(thegrio.com screen grab)
Beyoncé Knowles' pastor, Rudy Rasmus, defended the singer against Christian critics who have scrutinized her explicit lyrics and videos from her latest album.
Rasmus, who leads St. John's United Methodist Church in downtown Houston and is a longtime friend of both Beyoncé and husband Jay Z, gave his opinion regarding the message behind Beyoncé's music without noting whether it contradicts the purity of Christianity or not.
"I've answered that question many times and the answer is still the same. Beyoncé is a consummate entertainer, and an entertainer entertains. Is the entertainer's entertainment an expression of that person's life and reality? I don't know. But I know when Arnold Schwarzenegger straps on a 30 caliber cannon and blows planes out of the sky, nobody asks the question, 'Arnold why are you walking around for those 90 minutes in that suit with that 30 caliber cannon? What kind of person are you?' I don't think I've heard that question. But at the end of the day, Arnold Schwarzenegger is an entertainer," Rasmus said, according to The Grio.
He also noted that Beyoncé "is tremendously gifted" and that "the world would void an extreme talent if we silenced her or censored her."
During his interview, the pastor also spoke about the power couple, saying he has not given them marriage advice since officiating their wedding in 2008. Furthermore, he said the key to the longevity of their marriage is grounded on trust, respect and love.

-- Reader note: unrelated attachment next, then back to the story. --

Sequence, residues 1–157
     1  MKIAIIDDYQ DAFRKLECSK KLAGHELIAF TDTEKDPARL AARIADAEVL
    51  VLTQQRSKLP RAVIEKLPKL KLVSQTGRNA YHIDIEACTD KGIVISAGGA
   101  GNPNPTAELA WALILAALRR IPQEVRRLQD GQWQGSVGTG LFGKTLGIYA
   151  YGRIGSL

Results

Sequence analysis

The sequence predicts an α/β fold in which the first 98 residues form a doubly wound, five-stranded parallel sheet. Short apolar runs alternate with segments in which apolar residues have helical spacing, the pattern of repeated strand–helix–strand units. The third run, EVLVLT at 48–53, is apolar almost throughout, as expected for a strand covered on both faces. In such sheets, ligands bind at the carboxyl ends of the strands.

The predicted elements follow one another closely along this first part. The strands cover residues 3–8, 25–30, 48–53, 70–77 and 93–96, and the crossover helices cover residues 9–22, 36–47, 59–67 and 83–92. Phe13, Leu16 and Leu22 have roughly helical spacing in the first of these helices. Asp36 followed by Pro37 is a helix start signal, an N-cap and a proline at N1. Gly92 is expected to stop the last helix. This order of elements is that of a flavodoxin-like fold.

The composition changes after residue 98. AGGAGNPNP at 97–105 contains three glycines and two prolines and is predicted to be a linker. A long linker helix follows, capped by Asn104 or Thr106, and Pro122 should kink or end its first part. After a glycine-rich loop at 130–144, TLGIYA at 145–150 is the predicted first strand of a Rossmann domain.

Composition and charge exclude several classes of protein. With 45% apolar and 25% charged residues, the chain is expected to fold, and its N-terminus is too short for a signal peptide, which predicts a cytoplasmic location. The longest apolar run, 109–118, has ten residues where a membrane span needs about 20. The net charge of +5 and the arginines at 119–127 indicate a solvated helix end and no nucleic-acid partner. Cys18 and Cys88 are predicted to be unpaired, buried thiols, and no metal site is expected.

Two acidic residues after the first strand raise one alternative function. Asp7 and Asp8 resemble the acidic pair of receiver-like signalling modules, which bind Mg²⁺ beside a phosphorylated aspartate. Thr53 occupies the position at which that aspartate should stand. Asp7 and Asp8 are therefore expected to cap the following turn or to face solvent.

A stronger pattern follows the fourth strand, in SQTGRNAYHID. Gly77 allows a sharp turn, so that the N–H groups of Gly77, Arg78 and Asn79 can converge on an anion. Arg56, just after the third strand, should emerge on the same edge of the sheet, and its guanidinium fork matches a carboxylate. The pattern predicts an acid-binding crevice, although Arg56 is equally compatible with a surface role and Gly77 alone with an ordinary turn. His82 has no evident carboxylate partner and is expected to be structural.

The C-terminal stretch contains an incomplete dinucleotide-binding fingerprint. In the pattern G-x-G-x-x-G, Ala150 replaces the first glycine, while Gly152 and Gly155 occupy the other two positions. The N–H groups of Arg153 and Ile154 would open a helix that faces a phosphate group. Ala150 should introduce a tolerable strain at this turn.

Since Beyoncé released her self-titled album in December, Christians and non-believers alike have criticized her videos and sexually-charged lyrics on her provocative tracks, including songs titled "Blow" and "Drunk in Love."
Among the most of explicit videos is "Partition," in which Beyoncé cage dances for Jay Z before getting on the floor in her underwear. In the video, she sings about a sexual encounter taking place in the back seat of a car and refers to the Monica Lewinsky scandal.
The artist also drew criticism earlier this year from Christians after she posted an image on her Instagram account where she is shown sitting in the center of a "Last Supper" painting, in front of Jesus' image.
"Is nothing sacred anymore? This is clearly an act of disrespect towards Jesus Christ, whom Beyoncé covers up with her pose," Tim Wildmon, president of American Family Association, said in a statement.
It is that precise form of criticism that Rasmus defended Beyoncé against while even noting that she has the right to earn a living through her talents.
In response, Christian author and blogger Diana Hobbs, called out Rasmus for being "wrong."
"Unfortunately, Rasmus' ideology omits accountability to God and ignores the call to honor central biblical virtues like modesty and the Scriptures' admonitions against glorification of the flesh. Since when did creativity (for a Christian, at least) trump honoring the Creator? I cannot imagine God on his throne applauding or supporting all His word goes against," Hobbs said.